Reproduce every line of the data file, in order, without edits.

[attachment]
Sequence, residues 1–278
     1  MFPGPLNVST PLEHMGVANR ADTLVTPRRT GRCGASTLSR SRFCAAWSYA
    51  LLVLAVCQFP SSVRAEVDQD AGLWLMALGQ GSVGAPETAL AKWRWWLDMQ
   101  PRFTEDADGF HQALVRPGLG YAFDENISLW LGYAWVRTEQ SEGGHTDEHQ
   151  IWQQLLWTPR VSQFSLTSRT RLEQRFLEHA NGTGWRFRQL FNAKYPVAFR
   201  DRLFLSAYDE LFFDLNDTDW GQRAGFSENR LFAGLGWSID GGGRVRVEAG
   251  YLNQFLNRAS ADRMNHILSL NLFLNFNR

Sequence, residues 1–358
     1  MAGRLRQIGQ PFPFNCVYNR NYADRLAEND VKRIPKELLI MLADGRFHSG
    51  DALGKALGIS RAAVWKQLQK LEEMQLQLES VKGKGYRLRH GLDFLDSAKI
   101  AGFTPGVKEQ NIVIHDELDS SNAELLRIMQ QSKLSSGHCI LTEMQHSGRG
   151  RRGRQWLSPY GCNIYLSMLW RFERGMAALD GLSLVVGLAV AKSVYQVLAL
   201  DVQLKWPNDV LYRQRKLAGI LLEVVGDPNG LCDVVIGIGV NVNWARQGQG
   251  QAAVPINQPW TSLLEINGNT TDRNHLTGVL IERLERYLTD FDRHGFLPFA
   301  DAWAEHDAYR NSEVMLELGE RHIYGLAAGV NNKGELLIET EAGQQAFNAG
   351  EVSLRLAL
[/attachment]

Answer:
Sequence, residues 1–278
     1  MFPGPLNVST PLEHMGVANR ADTLVTPRRT GRCGASTLSR SRFCAAWSYA
    51  LLVLAVCQFP SSVRAEVDQD AGLWLMALGQ GSVGAPETAL AKWRWWLDMQ
   101  PRFTEDADGF HQALVRPGLG YAFDENISLW LGYAWVRTEQ SEGGHTDEHQ
   151  IWQQLLWTPR VSQFSLTSRT RLEQRFLEHA NGTGWRFRQL FNAKYPVAFR
   201  DRLFLSAYDE LFFDLNDTDW GQRAGFSENR LFAGLGWSID GGGRVRVEAG
   251  YLNQFLNRAS ADRMNHILSL NLFLNFNR

Sequence, residues 1–358
     1  MAGRLRQIGQ PFPFNCVYNR NYADRLAEND VKRIPKELLI MLADGRFHSG
    51  DALGKALGIS RAAVWKQLQK LEEMQLQLES VKGKGYRLRH GLDFLDSAKI
   101  AGFTPGVKEQ NIVIHDELDS SNAELLRIMQ QSKLSSGHCI LTEMQHSGRG
   151  RRGRQWLSPY GCNIYLSMLW RFERGMAALD GLSLVVGLAV AKSVYQVLAL
   201  DVQLKWPNDV LYRQRKLAGI LLEVVGDPNG LCDVVIGIGV NVNWARQGQG
   251  QAAVPINQPW TSLLEINGNT TDRNHLTGVL IERLERYLTD FDRHGFLPFA
   301  DAWAEHDAYR NSEVMLELGE RHIYGLAAGV NNKGELLIET EAGQQAFNAG
   351  EVSLRLAL